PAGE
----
Background: Tracking what we eat is often more difficult than it should be. There are several tracking options for people, but actually understanding how we eat is more than simply tracking calories. A lack of nutritional education may also be one of the causes of psychological issues that have been linked to calorie tracking. 
My goal for this project was to find a way for people to better understand their nutrition while being able to avoid the hang-ups that come with tracking calories.
The problem: Calorie tracking is a tedious task because every ingredient and dish is unique and needs to be accounted for. This leads to a lack of motivation and quitting. 
The solution: A simplified process for finding and logging calories was created, as well as goal tracking and resources for learning in order to motivate users to continue tracking their nutrition.
My role: Sole end-to-end UX/UI Designer
The first step on my journey was to find out who exactly my users were, and what problems they were facing. I had a hypothesis about this problem space, but I need to be sure what the primary users were dealing with. So, I began with high-level research to see what problems competitors were already solving. 
Secondary Research
Competitive analysis: In order to better understand the problem space, I downloaded and familiarized myself with three of the top calorie-tracking apps. This gave me a better idea of what a larger range of users were experiencing. 
​​Heuristic Analysis: I then conducted a heuristic analysis to find ways to improve on these competitors' solutions. This is where I began to understand something very important about the calorie tracking space. Each app I tested performed very well when analyzed through these heuristics. This discovery pointed out to me that the problems users are facing don’t necessarily come from the tools they are using, but rather from the mindset behind them.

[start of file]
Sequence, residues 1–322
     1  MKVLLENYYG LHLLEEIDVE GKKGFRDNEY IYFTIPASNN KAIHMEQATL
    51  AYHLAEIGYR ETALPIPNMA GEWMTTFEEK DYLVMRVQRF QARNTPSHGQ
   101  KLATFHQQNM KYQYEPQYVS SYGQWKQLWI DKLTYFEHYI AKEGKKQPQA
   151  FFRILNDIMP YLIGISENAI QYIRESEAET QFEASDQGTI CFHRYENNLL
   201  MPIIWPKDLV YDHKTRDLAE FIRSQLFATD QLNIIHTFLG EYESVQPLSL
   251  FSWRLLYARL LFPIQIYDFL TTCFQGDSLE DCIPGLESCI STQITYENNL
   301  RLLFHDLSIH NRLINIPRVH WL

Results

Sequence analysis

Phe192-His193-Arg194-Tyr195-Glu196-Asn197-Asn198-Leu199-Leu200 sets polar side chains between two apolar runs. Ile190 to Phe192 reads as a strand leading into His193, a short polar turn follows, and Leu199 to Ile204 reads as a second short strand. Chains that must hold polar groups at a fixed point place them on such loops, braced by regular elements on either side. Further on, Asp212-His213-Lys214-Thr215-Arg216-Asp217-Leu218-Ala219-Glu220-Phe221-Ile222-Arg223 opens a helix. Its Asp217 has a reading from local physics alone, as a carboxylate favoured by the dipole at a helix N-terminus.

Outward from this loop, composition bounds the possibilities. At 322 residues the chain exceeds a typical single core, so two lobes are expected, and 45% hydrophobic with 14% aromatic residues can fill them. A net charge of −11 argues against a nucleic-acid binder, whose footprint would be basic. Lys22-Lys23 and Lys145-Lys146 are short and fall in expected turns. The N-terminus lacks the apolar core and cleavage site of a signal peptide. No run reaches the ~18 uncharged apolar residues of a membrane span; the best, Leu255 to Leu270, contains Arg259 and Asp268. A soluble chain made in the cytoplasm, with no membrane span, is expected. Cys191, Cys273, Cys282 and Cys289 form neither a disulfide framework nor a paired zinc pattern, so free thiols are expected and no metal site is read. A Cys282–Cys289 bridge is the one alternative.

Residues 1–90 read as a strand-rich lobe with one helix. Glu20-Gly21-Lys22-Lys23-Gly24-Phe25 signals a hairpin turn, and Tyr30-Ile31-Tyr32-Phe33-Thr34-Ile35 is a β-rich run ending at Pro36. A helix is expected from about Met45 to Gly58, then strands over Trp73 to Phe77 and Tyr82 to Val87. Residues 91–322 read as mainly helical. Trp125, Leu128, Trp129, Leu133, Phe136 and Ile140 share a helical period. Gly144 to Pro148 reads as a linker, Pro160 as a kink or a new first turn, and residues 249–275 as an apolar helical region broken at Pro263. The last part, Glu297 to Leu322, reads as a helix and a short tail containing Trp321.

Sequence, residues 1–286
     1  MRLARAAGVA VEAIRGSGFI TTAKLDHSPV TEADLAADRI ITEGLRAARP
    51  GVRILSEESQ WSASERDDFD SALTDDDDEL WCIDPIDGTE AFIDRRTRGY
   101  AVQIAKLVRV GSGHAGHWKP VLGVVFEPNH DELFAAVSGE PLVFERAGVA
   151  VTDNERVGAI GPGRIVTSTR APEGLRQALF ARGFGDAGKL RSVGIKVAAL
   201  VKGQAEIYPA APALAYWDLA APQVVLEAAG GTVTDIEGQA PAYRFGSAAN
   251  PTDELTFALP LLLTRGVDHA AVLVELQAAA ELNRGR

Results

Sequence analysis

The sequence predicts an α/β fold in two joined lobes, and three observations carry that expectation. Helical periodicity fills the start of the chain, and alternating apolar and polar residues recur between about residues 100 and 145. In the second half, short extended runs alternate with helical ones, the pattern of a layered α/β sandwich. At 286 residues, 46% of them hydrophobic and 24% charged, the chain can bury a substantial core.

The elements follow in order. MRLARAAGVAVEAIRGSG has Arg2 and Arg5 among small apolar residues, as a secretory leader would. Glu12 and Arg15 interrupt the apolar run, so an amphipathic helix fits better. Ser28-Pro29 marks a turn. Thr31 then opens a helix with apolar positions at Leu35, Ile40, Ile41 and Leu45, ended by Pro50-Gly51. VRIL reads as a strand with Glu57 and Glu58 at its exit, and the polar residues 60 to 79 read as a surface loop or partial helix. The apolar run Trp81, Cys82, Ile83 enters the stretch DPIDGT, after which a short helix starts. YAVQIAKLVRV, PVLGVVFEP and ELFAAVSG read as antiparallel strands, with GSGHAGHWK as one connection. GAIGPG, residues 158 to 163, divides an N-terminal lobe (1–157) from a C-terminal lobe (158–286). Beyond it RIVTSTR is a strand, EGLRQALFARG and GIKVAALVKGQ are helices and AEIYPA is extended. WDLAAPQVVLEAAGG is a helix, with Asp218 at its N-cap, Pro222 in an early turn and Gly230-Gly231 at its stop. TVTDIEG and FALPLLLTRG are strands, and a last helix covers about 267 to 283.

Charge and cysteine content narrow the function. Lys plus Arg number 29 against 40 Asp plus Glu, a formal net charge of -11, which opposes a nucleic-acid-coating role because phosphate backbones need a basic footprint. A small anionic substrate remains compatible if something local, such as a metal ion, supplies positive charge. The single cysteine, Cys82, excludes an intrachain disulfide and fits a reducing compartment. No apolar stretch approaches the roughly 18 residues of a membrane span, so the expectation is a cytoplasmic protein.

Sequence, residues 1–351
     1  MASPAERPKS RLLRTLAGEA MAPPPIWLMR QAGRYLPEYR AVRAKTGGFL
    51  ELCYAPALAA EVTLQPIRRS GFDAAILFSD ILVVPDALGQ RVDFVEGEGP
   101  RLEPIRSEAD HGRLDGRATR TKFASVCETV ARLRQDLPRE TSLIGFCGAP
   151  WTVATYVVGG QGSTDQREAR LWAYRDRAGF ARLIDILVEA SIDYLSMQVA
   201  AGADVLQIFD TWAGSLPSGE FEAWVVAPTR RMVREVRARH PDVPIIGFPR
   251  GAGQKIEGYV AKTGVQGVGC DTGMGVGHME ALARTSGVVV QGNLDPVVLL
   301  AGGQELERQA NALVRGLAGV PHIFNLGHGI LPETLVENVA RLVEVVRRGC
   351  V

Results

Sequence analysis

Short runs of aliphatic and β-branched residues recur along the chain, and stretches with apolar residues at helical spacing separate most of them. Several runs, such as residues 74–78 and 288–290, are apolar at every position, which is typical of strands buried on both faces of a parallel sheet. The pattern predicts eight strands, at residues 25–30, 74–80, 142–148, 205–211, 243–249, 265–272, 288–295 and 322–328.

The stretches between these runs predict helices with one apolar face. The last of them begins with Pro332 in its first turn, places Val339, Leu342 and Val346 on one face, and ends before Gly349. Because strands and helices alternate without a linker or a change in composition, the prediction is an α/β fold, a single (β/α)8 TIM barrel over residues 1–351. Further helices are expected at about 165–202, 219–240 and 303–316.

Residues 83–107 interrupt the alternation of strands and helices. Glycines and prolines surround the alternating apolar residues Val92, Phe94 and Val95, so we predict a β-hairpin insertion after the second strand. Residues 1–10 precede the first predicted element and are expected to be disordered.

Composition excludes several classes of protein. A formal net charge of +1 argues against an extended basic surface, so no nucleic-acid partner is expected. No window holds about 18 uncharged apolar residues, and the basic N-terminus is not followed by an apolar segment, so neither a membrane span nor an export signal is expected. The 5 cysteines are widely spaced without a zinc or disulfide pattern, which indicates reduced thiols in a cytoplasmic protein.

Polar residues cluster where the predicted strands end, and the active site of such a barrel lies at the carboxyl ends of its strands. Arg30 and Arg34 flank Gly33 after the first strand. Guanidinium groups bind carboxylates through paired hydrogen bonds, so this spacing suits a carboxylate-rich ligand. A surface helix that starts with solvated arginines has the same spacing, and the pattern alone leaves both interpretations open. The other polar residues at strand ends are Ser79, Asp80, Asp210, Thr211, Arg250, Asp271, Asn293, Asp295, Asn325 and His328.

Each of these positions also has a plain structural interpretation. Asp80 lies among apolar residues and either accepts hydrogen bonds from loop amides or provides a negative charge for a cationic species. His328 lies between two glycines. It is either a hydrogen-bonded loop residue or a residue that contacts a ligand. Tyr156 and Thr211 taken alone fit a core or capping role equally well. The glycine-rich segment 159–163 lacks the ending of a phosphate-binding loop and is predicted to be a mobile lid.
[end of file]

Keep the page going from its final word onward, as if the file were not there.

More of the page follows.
Primary Research
Make a plan: With my competitive research still in mind, I began the process of conducting my primary research by creating a detailed road map. This would serve as my guide through the rest of the research process. 
Find Users: If I was going to talk to users, I needed to find them first. This was done with a simple screener survey that helped me find people who were at least somewhat familiar with calorie tracking and had invested some time into their personal fitness.
Interview Users: This is where my hypothesis really started to come to light. I interviewed five users and almost all of them expressed the same pain points I had on my own fitness journey. Better still, several users said the exact same phrases about the problems they were experiencing. I knew I was on the right track to understanding what my users were dealing with. 
“I guess I have a love/hate relationship with calorie tracking.”
- Nathan
Gather Data: With my users interviewed, I began to gather the information I had received and turn it into usable data. This was done through:
Affinity Map > Empathy Map > User Personas
User Persona: For this project, I opted to focus on only one persona, since most of the data I received from my users was very similar. This persona was then used throughout the remainder of the project, and would even help with knowing who to recruit for user testing later on in the project.
Mind map: One of the things I’ve learned from my years as a graphic designer, is that it’s best to get anything down on paper for your creativity to attach to. Starting at a blank page doesn't get you very far. This is why I began my creative process with a simple mind map to address the user's needs and begin solidifying my ideas.